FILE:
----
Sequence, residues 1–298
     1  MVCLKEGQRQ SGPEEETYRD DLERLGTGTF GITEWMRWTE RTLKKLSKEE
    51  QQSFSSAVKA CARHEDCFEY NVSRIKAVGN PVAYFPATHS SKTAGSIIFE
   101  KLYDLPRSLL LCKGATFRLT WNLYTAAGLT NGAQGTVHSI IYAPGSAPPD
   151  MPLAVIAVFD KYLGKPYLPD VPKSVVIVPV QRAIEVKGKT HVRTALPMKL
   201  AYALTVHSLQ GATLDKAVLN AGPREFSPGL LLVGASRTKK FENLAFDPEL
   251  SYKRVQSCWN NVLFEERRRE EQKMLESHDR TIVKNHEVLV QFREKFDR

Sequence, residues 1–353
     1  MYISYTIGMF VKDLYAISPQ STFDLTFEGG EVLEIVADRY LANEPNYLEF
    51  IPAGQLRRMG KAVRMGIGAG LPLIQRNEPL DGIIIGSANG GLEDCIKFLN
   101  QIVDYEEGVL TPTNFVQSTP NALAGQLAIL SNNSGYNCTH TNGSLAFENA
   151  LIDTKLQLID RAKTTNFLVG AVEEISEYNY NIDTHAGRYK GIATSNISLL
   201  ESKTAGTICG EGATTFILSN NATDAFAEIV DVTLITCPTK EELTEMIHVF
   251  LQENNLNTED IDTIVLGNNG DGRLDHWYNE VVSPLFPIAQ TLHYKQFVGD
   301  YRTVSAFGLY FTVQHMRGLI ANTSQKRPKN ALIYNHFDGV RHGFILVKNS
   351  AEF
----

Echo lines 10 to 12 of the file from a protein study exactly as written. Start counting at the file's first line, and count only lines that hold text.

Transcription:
    51  IPAGQLRRMG KAVRMGIGAG LPLIQRNEPL DGIIIGSANG GLEDCIKFLN
   101  QIVDYEEGVL TPTNFVQSTP NALAGQLAIL SNNSGYNCTH TNGSLAFENA
   151  LIDTKLQLID RAKTTNFLVG AVEEISEYNY NIDTHAGRYK GIATSNISLL